Paper weights and types can be very confusing. What follows is a general guide that can help you understand the sizes and terms and to associate them with items that you are familiar with.
There are two basic systems in use: The US System (Traditional English System), which sizes the weight in pounds, and The Metric System, which sizes the weight in grams/meter squared (gm/m2), or commonly referred to as grams per square meter (gsm).
The U.S. system is more difficult to understand because the same number in pounds can be used for the thicker card stock or the thinner text papers. In the U.S. system, a paper’s weight is the weight, measured in pounds, of one ream. But every type of paper has its own size of ream! The metric system however is standard across all weights of papers. It measures a fixed size–one square meter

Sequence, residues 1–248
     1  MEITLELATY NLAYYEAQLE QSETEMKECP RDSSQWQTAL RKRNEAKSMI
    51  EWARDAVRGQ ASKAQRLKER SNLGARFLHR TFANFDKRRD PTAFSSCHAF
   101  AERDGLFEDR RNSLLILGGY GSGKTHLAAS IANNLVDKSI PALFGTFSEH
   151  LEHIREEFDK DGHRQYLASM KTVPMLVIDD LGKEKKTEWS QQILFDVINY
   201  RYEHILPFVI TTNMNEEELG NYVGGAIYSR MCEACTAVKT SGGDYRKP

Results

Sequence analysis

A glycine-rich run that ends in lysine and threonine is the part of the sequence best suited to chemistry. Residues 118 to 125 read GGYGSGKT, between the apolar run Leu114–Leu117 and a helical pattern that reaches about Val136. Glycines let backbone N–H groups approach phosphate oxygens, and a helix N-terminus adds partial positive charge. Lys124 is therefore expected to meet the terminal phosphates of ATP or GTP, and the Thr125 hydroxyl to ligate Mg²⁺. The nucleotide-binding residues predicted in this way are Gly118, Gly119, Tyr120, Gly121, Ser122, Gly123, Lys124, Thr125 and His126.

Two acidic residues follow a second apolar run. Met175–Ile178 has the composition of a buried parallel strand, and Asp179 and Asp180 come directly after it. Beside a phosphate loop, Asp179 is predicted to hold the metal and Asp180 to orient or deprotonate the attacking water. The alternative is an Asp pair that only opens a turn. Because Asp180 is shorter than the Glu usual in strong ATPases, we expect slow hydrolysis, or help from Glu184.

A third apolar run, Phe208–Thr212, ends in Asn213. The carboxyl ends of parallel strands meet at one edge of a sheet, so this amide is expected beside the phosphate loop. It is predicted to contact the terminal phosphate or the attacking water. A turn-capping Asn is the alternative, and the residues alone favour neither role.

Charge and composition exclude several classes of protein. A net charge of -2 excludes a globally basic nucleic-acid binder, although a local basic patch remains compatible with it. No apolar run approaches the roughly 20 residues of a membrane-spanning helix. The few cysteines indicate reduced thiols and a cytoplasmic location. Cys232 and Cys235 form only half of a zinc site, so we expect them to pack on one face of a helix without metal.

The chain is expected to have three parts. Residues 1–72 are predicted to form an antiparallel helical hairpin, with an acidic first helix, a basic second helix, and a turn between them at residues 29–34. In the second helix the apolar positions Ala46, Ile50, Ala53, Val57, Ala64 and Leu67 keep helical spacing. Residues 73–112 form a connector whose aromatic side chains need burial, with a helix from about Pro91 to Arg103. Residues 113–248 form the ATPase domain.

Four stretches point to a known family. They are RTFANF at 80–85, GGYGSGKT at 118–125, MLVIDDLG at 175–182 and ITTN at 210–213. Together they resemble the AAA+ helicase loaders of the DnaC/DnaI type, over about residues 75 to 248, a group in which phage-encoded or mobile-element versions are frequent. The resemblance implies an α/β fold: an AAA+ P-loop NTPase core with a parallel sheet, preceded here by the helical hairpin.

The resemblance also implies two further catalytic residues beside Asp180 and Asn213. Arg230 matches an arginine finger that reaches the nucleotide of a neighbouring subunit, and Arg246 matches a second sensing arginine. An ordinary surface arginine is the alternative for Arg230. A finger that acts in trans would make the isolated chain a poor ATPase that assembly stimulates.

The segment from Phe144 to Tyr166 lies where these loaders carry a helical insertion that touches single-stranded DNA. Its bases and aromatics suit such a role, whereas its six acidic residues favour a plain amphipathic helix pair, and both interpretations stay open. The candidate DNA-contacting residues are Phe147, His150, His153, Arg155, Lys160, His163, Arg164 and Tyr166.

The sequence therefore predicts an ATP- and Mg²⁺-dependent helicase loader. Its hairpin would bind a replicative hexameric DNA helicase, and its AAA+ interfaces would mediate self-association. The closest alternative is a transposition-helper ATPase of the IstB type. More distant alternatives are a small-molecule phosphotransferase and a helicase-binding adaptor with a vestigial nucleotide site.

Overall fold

Grams per square meter (gsm) gives a much better idea as to the actual thickness of a paper. As a general rule, anything 10-35 gsm is of tissue consistency; 35-70 gsm is lighter textweight, 70-100 gsm is medium textweight, 100-120 gsm is heavy textweight/light cardstock, 120-150 gsm is regular cardstock weight, 150-200 gsm is heavy cardstock, and greater than 200 gsm is super heavy cardstock.
For an example, lets compare two papers–a 65 lb Cover (a very common cardstock) and an 80 lb Text. Using the U.S. system, you might think that the 80 lb Text is a thicker paper–after all, it weighs more, right? But a Text weight paper has a ‘feel like a letterhead or stationary paper. Cover weight (cardstock) will have a ‘feel’ like a business card or post card. And if you had a sample of each in your hand, you would discover that there is a difference in thickness–the 65 lb Cover would be thicker and stiffer than the 80 lb Text. Using the Metric system however, these two papers would actually be 175 gsm (65 lb Cover) and 120 gsm (80 lb Text).